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I am new here but your post really struck me. I would like to tell you about my mom who died of LC at age 41, 9 years ago. I was 23. The day my mom found out she had lung cancer was the same day I found out I was pregnant. although my moms cancer was extremely advanced when discovered she lived with it for 3 yrs. She always put on a happy face for me and my daughter whom was her motivation to live. She never complained or cried or told me of any fears or anger. I never shared with her my fears or anger. After my mom died I went to her house and was going thru her things with my stepdad when we discovered a journal she had kept. She wrote most of the time in the middle of the night when she was alone and couldn't sleep. She wrote about keeping a good front for everyone and "needing a battle plan". Those words will stay with me for the rest of my life. My heart aches EVERY DAY knowing the pain she was going thru and felt she couldn't share with anyone. I really hope you will allow your family to share in your anger, fright,sadness and all the other feeling you are going thru. If I could change one thing in my life it would be to go back and just hold my mom and cry along with her. Good luck to you Elaine. May the angels watch over you.

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I've been pretty much a loner for most of my adult life, don't have much immediate family to speak of, but love dearly the ones I do have! (They tease me that I know more about our ancestors 100 years ago because of all the genealogy work I do -- they may be right!)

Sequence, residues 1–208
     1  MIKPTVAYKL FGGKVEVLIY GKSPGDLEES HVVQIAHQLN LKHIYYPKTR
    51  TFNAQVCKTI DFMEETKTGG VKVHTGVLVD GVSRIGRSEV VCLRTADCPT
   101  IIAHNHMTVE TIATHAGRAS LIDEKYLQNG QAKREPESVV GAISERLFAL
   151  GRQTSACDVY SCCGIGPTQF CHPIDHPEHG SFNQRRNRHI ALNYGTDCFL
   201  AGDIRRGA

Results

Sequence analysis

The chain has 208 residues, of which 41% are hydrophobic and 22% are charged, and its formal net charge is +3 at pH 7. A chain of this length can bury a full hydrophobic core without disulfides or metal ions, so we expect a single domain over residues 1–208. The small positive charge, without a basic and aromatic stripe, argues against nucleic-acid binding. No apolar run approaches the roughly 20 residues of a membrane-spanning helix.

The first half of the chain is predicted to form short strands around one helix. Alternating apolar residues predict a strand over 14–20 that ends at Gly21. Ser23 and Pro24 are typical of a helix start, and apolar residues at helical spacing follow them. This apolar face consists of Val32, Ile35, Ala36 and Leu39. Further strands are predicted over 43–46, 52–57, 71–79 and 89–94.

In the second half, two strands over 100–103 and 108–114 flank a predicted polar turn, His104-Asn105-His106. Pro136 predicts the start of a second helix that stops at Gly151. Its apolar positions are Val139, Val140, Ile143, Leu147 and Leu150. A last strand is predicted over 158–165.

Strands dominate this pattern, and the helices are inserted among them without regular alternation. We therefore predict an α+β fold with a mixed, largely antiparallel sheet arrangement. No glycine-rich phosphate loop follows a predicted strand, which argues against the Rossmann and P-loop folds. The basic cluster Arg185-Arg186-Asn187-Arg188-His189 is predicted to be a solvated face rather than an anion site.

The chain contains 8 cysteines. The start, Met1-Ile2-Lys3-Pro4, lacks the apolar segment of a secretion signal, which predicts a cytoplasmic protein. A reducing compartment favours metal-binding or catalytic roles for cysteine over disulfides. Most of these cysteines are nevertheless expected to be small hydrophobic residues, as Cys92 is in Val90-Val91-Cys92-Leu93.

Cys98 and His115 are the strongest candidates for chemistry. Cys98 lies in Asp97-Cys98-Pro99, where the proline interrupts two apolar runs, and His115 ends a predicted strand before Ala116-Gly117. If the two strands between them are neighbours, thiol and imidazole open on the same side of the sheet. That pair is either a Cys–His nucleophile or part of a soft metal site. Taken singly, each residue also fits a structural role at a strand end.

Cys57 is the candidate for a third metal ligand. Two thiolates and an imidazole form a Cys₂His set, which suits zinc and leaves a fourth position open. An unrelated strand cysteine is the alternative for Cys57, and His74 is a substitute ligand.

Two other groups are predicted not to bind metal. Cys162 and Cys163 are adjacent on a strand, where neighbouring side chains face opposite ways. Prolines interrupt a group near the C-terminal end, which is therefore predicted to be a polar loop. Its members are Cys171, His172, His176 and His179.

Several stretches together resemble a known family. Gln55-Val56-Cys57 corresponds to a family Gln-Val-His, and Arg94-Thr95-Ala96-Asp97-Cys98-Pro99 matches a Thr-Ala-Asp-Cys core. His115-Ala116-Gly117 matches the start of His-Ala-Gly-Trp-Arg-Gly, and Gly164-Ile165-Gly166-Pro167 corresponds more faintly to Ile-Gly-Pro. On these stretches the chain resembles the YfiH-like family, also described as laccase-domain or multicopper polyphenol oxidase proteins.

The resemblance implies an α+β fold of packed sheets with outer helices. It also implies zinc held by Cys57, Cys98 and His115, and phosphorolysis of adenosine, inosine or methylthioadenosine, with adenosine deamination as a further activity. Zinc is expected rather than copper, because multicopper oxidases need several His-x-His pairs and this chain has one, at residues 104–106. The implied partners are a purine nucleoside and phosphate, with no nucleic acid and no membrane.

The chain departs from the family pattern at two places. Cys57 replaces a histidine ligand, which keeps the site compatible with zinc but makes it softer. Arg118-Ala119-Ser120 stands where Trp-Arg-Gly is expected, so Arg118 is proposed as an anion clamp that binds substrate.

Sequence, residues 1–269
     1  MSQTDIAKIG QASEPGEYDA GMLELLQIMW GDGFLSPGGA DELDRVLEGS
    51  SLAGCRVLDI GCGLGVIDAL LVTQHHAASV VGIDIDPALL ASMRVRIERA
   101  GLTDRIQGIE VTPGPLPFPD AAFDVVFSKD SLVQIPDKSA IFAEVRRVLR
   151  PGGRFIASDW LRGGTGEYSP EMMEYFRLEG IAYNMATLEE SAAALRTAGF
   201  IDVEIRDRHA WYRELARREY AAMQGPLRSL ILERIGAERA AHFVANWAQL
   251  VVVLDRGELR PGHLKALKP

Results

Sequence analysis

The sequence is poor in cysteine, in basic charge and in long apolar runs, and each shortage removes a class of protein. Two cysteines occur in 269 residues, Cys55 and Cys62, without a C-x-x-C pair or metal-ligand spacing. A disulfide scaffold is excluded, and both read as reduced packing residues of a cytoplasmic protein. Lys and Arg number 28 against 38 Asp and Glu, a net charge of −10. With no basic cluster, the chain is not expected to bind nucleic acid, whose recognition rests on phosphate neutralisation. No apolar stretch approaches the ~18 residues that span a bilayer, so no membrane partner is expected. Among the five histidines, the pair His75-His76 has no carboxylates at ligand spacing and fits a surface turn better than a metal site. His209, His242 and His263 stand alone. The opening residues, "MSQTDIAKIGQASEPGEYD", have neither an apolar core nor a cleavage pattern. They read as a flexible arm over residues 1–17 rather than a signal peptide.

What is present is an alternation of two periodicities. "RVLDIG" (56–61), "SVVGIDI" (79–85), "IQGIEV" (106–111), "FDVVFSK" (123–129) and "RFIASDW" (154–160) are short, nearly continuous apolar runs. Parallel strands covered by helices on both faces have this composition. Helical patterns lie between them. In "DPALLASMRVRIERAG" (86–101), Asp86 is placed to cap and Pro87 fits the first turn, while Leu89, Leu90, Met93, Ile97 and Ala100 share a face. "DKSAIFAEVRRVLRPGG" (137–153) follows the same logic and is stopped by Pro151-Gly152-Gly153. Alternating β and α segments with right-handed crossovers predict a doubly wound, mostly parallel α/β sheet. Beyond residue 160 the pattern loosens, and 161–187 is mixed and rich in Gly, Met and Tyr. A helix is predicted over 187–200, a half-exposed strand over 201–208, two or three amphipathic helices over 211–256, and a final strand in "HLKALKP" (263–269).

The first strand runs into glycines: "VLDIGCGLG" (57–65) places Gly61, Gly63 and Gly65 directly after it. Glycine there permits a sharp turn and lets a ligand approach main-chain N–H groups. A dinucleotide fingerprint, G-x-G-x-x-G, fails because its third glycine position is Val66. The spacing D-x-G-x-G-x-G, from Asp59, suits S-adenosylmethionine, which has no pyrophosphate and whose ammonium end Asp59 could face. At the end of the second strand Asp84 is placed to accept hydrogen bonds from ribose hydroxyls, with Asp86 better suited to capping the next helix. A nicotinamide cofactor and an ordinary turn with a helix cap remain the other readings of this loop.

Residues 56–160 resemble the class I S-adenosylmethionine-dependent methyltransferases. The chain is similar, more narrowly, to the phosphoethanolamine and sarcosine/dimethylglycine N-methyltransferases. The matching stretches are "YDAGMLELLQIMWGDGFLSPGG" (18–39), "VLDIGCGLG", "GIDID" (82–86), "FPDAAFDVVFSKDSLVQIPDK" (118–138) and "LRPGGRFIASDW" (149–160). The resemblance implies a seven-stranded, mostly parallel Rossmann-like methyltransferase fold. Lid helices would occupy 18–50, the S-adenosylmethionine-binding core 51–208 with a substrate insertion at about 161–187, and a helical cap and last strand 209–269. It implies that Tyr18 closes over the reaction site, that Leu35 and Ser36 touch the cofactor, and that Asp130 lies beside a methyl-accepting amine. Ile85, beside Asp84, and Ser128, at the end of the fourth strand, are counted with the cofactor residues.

Although my family is factored in on everything that affects me and I talk to them about it openly, it's a different thing than people who have husbands and children - completely. So, how could I ever understand that? Simple. Because I've seen and observed it for years and years. And because it's often someone from outside the situation who sees it more clearly than those directly involved.

Professionally and personally, I've been around seriously injured, seriously ill, terminally ill, and dying people since I was 18 years old. Personally, I believe there are worse things in life than death.

So, you're handed a cancer diagnosis. Now what? It's like the stages of grief that we go through -- anger, denial, etc. We go through it. Sometimes we come out of one stage and go to the next smoothly, sometimes not.

But, as for me, know what was more fearsome to me (and still is) than the thought of death? What I was going to have to go through just to GET there. Chemo, radiation, morphine, and all the buzz words that float over the heads of people with devastating diseases. We try and swat them away one at a time, but sometimes they come back. Sometimes they are here to stay. We just don't know for how long.

In order to get there, counseling - yes. Hospice - yes. Whatever can be helpful to us - yes. Being single for so long, and independent as heck, I've learned a great deal about having insight into myself and what I feel. Generally when I talk to counselors, they tell me that -- that I have good insight and just need to concentrate on x, y, or z. Whatever.